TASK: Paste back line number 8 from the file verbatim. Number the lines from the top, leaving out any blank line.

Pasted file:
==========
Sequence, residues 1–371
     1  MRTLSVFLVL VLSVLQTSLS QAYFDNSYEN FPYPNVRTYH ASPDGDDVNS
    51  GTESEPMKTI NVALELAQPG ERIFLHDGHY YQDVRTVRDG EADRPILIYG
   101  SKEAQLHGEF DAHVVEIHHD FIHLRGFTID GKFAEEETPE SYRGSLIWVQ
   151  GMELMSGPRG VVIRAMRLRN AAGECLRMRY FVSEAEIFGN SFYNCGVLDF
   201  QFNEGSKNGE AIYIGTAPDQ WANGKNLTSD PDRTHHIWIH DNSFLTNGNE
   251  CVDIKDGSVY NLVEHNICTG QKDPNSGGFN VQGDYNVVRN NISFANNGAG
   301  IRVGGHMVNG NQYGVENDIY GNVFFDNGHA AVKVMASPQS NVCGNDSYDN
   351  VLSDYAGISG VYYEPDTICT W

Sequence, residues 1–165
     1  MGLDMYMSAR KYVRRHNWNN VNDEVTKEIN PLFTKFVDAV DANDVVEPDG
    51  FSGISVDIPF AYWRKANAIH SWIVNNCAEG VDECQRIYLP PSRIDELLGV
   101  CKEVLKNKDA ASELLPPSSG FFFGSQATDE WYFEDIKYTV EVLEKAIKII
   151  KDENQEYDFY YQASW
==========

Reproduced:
   301  IRVGGHMVNG NQYGVENDIY GNVFFDNGHA AVKVMASPQS NVCGNDSYDN